More:

‘To them, finding an antidepressant didn’t mean finding a way to change your brain chemistry. It meant finding a way to solve the problem that was causing the depression in the first place.’
Link to original

Link: Donald Trump Didn’t Want to Win – and Neither Did His Campaign

“During that first month, Walsh’s disbelief and even fear about what was happening in the White House moved her to think about quitting. Every day after that became a countdown toward the moment she knew she wouldn’t be able to take it anymore. To Walsh, the proud political pro, the chaos, the rivalries, and the president’s own lack of focus were simply incomprehensible. In early March, not long before she left, she confronted Kushner with a simple request. “Just give me the three things the president wants to focus on,” she demanded. “What are the three priorities of this White House?”

It was the most basic question imaginable — one that any qualified presidential candidate would have answered long before he took up residence at 1600 Pennsylvania Avenue. Six weeks into Trump’s presidency, Kushner was wholly without an answer.

“Yes,” he said to Walsh. “We should probably have that conversation.””

** Managing is complex, but starts with some pretty simple tasks.
Link to original

Link: Diversity in Tech Remains Elusive Due to Racism, Lack of Representation and Cultural Differences

‘As a self-proclaimed Black “nerd” and active social media user, Moore also cites cultural differences as one of the main reasons tech companies don’t hire more people from underrepresented minorities groups. She herself remembers laughing awkwardly alongside white college peers and classmates to jokes she didn’t necessarily find funny due to cultural differences in social cues and communications styles: “If you weren’t friends with a Black woman in your class partly because there were no Black women in your class or partly because your interests, maybe her interests aren’t the same, if you’re not even friends with those people, you’re definitely not going to start a business with those people. You’re not going to think about those people when you’re creating your technology.”’

Link

Creativity: not much needed at your job

Capabilities such as creativity and sensing emotions are core to the human experience and also difficult to automate. The amount of time that workers spend on activities requiring these capabilities, though, appears to be surprisingly low. Just 4 percent of the work activities across the US economy require creativity at a median human level of performance. Similarly, only 29 percent of work activities require a median human level of performance in sensing emotion.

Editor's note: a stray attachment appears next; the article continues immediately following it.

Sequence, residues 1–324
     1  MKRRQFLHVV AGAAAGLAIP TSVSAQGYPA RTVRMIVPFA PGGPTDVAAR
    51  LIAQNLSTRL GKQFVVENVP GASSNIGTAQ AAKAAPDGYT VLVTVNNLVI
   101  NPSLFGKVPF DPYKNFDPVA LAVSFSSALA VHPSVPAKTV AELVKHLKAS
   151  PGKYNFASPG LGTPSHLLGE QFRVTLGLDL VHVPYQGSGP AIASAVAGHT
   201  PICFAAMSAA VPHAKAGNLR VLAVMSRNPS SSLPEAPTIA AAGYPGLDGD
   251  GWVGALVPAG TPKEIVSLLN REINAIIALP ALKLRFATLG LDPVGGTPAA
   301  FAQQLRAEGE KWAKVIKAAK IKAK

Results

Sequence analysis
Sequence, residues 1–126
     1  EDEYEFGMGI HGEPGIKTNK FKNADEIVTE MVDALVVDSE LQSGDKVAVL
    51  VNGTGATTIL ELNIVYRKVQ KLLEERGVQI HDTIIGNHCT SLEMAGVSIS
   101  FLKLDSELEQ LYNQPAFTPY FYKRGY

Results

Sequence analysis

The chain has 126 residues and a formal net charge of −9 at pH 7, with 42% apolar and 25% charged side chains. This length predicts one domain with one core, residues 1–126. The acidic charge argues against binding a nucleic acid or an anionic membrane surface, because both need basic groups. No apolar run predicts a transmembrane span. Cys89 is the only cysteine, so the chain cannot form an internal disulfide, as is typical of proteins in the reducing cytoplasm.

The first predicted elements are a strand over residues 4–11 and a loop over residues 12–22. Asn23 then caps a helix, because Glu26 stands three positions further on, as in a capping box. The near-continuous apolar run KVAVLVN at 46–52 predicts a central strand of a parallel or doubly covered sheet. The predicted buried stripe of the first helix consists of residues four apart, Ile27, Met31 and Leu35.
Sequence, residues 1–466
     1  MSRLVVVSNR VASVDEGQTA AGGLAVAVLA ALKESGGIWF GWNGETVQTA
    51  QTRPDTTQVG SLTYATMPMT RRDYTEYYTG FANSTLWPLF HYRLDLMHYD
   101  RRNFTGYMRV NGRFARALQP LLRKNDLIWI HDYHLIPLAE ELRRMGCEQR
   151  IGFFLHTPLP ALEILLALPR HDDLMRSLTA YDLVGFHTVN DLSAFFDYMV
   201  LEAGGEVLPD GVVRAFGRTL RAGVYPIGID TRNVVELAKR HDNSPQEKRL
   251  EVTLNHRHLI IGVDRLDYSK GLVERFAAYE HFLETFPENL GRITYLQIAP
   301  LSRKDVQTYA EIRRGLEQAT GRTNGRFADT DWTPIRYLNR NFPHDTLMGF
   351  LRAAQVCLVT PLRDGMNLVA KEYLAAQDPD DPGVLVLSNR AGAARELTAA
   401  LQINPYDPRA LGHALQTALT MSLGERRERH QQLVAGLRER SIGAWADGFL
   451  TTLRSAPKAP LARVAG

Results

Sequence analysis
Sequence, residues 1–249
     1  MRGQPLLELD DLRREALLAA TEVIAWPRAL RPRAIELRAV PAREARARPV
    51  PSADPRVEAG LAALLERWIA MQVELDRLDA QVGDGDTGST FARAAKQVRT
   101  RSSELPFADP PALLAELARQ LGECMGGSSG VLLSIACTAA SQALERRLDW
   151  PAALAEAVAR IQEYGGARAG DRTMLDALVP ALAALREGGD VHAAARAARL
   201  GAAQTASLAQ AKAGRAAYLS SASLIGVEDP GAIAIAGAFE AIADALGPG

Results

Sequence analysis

Four fundamentals of workplace automation

Thinking wrong about knowledge workers screws up their productivity

…or: “Knowledge work is a lot more like cloud than traditional IT.”

Of course, it is most certainly not in the interest of knowledge workers to go to their bosses and declare that they have “spare capacity.” At best, they might then be judged in performance reviews as having an easy job and being not very productive. At worst, the bosses might decide that these employees could be cut. Thus it is to every knowledge worker’s benefit to look busy all the time. There is always a report to write, a memo to generate, a consultation to run, a new idea to explore. And it is in support of this perceived survival imperative that the second driver of productivity—knowledge transfer—gets perverted.

The rest of the piece is good stuff. Notice how much of the thinking follows the same pattern of opex vs. capex thinking of cloud, and the somewhat similar notions of continuous delivery. I’d also add that if you follow a small batch (smaller amounts of work delivered more frequently, rather than big projects delivered once), you’re given more opportunity to re-allocate your “knowledge workers” to different projects. As the author points out, this means you have to rejigger how HR/roles and responsibilities work; staff policies don’t currently favor moving people from project to project like you see in (management) consulting.

Couple this with the “you need to constantly be coming up with new businesses” pressure from Transient Advantage, and you have good operating theory.

All the taboos about working at home

Working at home, with a family, is a challenge, as this nice overview piece at The Register goes over. You think you’re trading all those interruptions from co-workers talking about the sportsball or just complaining about the daily grind, but you’re actually trading in for a different set of co-workers, your family. And their requests for your attention are harder to stonewall than chatty cube-mates.